Laid Down by Ranke
- In Defence of History by Richard J. Evans
Granta, 320 pp, £8.99, October 1998, ISBN 1 86207 068 7
Richard Evans hopes that this book will take the place of E.H. Carr’s What is History? and G.R. Elton’s The Practice of History as the ‘basic introduction’ to history as taught in the universities. Evans is a self-declared ‘Rankean’ empiricist, committed to Ranke’s view that facts and documents ‘speak for themselves’. He believes that the proper method for historians today is the same as it has always been, at least since the 19th century, when the rules of historical practice were ‘laid down by Ranke’ and the discipline was established ‘on a professional or scientific basis’. These rules hinge on source criticism and the proposition that the assertions of historical writing are verifiable. ‘History is an empirical discipline,’ Evans argues; the history we write ‘certainly will not be objective, but is nevertheless true’; we ‘really can find out’ how the past happened, although our conclusions will always be ‘less than final’. Such ‘good rules’, according to Evans, ‘transcend scholarly communities and do not therefore depend on their acceptance by them’. But is it possible in the Nineties for a Rankean empiricist to supply an adequate account of history as a scholarly discipline?
Evans is worried about ‘Post-Modernism’ in history, a term he never defines but which he implicitly construes as the questioning of the existence of objective facts, the denial of the possibility of truth and the ascendancy of literary theory. As a historian, he would do better to consider the concept of Post-Modernism historically, however. When Michel Foucault was asked about his relation to Post-Modernity in 1983, near the end of his life, he replied: ‘I’ve never clearly understood what was meant in France by the term “modernity” ... But neither do I grasp the kind of problems intended by this term ... While I see clearly that behind what was known as structuralism, there was a certain problem ... I do not understand what kind of problem is common to the people we call Post-Modern or Post-Structuralist’ This was, at least, a carefully stated uncertainty. One of the two original formulations of the term ‘Post-Modern’ was in a speech made by Jürgen Habermas in 1980, published in English under the heading ‘Modernity v. Post-Modernity’. Having displayed a distinctively German preoccupation with ‘modernisation’ in the Sixties and Seventies, he sought to impose the Post-Modern label on a wide range of writers who, in his view, had wrongly abandoned their faith in the Modernist project. A Post-Modernist was a reactionary, and was often French. The troublesome nature of the term was compounded by Jean-François Lyotard’s near-simultaneous usage (and definition) in 1979-82 from within the French intellectual tradition, and as a critic of Habermas. It briefly acquired an ascertainable meaning in architectural style; but very rapidly ‘Post-Modern’ became as malleable and as protean a term as ‘Modern’.
What has this got to do with the contemporary practice of history? Nothing whatever – hence its significance. Not only were the historical origins of Post-Modernism alien to historical practice or reflection, but there was no conscious tradition of Modernism within historical writing to react against, as there was in the arts and literature. That Post-Modernism in the historical sphere is a sphinx without a riddle is clear enough from the bizarre composite Evans serves up in its name – literary critics, old Marxists, Holocaust-deniers, ‘narrativist’ and ‘topological’ philosophers, as well as his own commercial rivals. Some greatest hits from recent historical writing are converted into Post-Modernists – Simon Schama, Robert Darnton, Natalie Zemon Davis and Orlando Figes. But Evans never cites an instance of these authors even borrowing the Post-Modernist label, let alone one showing that they conceive of themselves as working on behalf of an intellectual cause known as Post-Modernism (this despite his concern for empirical verification).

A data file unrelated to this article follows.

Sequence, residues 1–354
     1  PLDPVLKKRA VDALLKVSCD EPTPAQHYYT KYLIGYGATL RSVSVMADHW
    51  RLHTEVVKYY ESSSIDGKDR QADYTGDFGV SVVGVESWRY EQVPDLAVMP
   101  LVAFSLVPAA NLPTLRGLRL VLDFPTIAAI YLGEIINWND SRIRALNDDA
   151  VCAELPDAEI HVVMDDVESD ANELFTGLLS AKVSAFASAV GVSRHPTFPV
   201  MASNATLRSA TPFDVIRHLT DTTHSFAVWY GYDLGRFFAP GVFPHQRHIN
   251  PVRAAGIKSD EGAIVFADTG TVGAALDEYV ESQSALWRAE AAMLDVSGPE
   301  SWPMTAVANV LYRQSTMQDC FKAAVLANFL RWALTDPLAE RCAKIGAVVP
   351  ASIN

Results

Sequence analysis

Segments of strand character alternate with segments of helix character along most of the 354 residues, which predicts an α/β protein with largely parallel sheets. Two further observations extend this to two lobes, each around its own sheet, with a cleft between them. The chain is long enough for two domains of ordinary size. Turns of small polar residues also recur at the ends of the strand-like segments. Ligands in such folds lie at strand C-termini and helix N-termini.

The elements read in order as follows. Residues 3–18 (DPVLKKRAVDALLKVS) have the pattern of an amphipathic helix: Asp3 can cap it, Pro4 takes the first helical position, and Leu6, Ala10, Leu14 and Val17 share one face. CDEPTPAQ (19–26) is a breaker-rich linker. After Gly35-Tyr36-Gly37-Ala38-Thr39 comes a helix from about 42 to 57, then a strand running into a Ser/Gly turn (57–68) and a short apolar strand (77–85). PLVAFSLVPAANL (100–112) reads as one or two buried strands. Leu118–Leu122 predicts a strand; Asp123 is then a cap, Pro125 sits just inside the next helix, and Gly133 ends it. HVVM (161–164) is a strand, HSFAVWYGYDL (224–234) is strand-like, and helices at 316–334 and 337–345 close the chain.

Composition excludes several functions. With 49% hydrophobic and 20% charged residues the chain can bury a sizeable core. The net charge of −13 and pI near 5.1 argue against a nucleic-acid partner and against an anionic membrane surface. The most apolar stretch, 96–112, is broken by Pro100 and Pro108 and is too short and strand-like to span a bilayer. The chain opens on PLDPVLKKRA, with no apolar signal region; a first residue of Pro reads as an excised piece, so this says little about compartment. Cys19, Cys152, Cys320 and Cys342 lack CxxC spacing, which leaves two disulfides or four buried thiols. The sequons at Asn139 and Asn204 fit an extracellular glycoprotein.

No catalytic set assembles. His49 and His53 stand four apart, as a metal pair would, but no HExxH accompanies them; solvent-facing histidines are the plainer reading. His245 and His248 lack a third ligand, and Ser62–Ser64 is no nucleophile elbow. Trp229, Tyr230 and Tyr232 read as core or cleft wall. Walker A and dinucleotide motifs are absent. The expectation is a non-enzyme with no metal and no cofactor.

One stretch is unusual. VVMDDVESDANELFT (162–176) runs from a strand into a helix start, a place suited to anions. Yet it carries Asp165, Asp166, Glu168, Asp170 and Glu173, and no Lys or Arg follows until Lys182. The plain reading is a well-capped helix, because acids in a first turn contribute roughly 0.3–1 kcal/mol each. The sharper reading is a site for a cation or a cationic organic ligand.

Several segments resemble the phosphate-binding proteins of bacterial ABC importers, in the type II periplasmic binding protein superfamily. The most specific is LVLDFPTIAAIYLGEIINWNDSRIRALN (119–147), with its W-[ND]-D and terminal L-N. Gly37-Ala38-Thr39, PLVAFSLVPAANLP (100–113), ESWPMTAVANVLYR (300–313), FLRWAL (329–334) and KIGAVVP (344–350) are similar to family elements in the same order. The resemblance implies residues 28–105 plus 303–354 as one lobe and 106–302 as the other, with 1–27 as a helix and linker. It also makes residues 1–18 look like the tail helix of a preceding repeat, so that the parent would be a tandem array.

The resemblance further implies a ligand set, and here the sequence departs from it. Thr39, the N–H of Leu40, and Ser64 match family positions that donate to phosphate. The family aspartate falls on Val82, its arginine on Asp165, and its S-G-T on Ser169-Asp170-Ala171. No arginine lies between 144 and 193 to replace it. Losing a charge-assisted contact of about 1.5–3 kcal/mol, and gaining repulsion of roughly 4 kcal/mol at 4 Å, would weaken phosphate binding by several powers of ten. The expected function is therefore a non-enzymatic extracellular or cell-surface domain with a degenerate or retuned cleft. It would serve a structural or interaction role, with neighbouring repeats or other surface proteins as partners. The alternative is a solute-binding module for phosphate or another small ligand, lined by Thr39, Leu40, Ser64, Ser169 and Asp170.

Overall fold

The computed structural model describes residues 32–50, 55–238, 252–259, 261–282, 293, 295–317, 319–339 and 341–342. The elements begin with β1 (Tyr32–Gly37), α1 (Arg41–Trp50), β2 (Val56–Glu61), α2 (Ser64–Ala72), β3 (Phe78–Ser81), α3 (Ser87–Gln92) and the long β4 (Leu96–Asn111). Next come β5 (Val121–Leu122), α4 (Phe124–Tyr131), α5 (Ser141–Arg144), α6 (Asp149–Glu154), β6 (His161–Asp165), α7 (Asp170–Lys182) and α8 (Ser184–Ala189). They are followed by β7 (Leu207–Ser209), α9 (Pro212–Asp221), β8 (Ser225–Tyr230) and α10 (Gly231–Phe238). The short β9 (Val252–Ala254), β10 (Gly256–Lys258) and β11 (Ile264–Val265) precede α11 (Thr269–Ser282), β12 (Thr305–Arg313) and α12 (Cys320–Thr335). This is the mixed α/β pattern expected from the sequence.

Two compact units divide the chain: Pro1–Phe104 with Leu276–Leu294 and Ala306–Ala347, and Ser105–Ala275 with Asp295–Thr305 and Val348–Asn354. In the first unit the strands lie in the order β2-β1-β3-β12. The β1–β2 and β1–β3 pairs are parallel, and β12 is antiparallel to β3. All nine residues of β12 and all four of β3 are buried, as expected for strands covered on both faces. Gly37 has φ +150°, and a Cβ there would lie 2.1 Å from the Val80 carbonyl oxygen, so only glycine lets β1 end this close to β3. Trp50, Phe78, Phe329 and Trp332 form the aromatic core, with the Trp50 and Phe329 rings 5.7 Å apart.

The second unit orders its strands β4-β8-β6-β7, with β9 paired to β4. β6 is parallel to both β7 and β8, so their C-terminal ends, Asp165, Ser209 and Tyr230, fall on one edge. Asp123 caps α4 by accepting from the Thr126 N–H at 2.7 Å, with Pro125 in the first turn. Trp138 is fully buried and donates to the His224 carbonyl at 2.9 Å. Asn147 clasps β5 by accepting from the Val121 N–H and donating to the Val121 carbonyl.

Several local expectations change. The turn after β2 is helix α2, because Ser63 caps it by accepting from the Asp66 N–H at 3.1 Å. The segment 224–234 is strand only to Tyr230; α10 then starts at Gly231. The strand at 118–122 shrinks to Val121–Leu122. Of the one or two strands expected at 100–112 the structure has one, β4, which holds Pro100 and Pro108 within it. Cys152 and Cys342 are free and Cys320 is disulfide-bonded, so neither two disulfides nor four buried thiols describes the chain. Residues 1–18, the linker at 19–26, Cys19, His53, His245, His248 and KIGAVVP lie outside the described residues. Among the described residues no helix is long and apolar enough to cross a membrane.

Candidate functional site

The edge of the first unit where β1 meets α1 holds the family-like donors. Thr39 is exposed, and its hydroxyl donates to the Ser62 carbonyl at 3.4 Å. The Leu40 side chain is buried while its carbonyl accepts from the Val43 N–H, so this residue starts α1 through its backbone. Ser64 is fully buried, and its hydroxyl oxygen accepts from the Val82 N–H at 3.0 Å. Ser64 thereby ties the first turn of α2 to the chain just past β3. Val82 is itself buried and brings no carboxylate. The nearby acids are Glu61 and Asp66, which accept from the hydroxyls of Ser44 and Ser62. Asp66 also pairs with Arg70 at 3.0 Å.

‘History’ in its modern form – an essentially critical or reflexive activity – was a product of the Enlightenment. Until then – all the way from Thucydides to Clarendon – it was the record of contemporary or near-contemporary events, commonly written by those who had taken part in or were vitally connected to them. By contrast, the Enlightenment made history a process of reflection on the entire past conducted by people whose minimum technical qualification lay in their ability to construe remote historical evidence. As Hegel noted, the two hitherto inseparable meanings of ‘history’ – as story or record, and as the significant events which were to be recorded – became separated for the first time.
The epistemological problems of handling remote historical records are not new. They became an issue at precisely the moment history turned to the handling of remote historical records. If by ‘Post-Modernist’ we mean someone who entertains a radical scepticism about the worth of such records, and thus about the worth of history itself, then the first Post-Modernists were the Pyrrhonists of the 1720s, who expressed precisely these doubts. The Enlightenment historians, for their part, mounted a defence of history which, it would seem, has hardly been advanced on today. Mostly, though, they simply wrote history – good practice has always been a powerful theoretical argument. In addition, they subjected disputed evidence to sophisticated source criticism (for which, of course, they had precedents all the way back to the Renaissance humanists). As clearly as any historian today, they understood that historical ‘truth’ – what Gibbon called ‘the first virtue of more serious history’ – is grounded not in the mere techniques of scholarship but in the moral commitment of the historian and the reader to finding out what happened. The historiographical lessons of Hitler and Stalin, or of a society’s desire to suppress a part of its past, are not primarily evidential, as Evans would have it, but moral and cultural.
Evans’s belief that the nature of the historian’s predicament is best described in narrowly epistemological terms is a product of the ‘anti-ideological’ empiricism generated in Britain and America by the double shock of Nazism and Soviet Communism. History is a critical, reflexive act performed out of curiosity on an infinite field: the curiosity that motivates it can’t be curtailed – except, of course, by the withdrawal of its necessary social and material foundations. (Theoretical literature tends not to concern itself with such mundanities, but here is the point at which history most needs defending: Tony Blair’s airy, but essentially Thatcherite dismissal of ‘Old Britain’, and the Government’s perpetuation of a higher education funding system whereby, in the most literal sense, British history will not be able to reproduce itself in the future, are far more threatening than the ‘infinite play of significations’.) Instead of thinking in terms of history as an activity, the positivist empiricist thinks primarily of the documents: can we reach some measure of truth inhering in the documents without reference to the inquirer? The answer is ‘no’.